Rockefeller, with four other institutions, to receive $100 million cancer research grant

The Starr Foundation, a philanthropic organization that supports education, medicine and healthcare, as well as cultural institutions, human needs, public policy and the environment, announced today that it has made a $100 million grant to create a wide-ranging cancer consortium to coordinate the efforts of five internationally renowned research institutions including The Rockefeller University.

The five institutions, which in addition to Rockefeller include The Broad Institute of MIT and Harvard, Cold Spring Harbor Laboratory, Memorial Sloan-Kettering Cancer Center and Weill Cornell Medical College, will collaborate on research aimed at understanding cancer at its most fundamental levels and at developing new approaches to the prevention, diagnosis and treatment of the many forms of the disease that together constitute one of the greatest threats to human health.

The program, to be known as the Starr Cancer Consortium, will provide an innovative framework for research that brings together world-class biomedical investigators with a critical mass of technology. It will build on the complementary strengths of the five institutions, including one-of-a-kind experience in applying the power of genomics to biomedical problems, a proven expertise in the study of cancer genetics in humans and animals, and a strong clinical operation and vast collection of cancer specimens that offer a crucial resource for studying cancer in humans.

“The opening years of the 21st century have brought dramatic advances in understanding cancer and in putting new discoveries to work for the people who need it most,” says Maurice R. Greenberg, chairman of the Starr Foundation. “Our goal in launching the Starr Cancer Consortium is to bring these exceptional institutions together in a manner that assures maximum efficiency and the greatest firepower in targeting cancer. This will enable us to achieve tangible results more quickly and decisively than any one or two members of the consortium could accomplish working alone.”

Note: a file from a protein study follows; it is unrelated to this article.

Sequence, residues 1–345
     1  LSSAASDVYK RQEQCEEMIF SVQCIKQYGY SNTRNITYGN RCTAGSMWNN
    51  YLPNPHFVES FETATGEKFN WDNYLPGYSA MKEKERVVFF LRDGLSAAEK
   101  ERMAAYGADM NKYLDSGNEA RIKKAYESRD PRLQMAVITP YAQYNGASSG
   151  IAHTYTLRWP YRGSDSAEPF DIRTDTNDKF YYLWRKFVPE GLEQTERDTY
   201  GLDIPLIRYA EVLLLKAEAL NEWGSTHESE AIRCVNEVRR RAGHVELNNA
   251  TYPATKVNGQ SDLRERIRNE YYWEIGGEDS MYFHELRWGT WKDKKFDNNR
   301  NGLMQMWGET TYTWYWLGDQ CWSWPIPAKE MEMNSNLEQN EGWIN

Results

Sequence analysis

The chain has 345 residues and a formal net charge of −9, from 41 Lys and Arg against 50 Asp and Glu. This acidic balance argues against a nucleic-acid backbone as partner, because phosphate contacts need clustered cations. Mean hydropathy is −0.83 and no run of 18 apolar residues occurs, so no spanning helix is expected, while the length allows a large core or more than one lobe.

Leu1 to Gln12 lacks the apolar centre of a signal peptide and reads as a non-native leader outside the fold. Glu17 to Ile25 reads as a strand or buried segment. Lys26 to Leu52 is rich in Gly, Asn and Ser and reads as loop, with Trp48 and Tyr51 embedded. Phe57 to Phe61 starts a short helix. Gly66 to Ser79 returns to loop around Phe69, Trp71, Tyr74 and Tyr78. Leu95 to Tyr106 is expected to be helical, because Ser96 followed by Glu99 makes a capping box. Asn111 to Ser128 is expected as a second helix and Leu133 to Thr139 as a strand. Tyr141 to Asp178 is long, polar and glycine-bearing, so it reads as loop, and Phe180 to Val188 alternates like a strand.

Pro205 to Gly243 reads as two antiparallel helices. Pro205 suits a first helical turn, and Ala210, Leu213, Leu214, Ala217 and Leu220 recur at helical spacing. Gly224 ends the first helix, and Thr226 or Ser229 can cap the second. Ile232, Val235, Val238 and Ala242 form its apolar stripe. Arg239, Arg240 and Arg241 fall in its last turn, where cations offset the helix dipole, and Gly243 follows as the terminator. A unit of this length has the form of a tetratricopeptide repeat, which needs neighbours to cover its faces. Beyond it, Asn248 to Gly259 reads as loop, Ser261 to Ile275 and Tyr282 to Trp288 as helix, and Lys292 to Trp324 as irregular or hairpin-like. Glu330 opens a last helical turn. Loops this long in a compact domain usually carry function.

The Starr Foundation, with assets today of approximately $3.5 billion, has donated in excess of $2 billion — more than $1 billion in New York City alone — making it one of the largest private foundations in the United States.

The Starr Foundation grant of $100 million will be earmarked specifically for joint projects involving two or more of the five institutions, including several highly promising initiatives already under way. Key areas of focus for the Starr Cancer Consortium will include the creation or accelerated development of powerful technology platforms designed to unravel the genetic and molecular basis of cancers; the application of these technologies in joint projects aimed at developing new and highly effective approaches to diagnosis and treatment; and support for basic biological research to provide insights into the fundamental molecular and cellular processes underlying cancer.

Activities selected for funding through the Starr Cancer Consortium will be determined by an executive committee including leaders of the five institutions.

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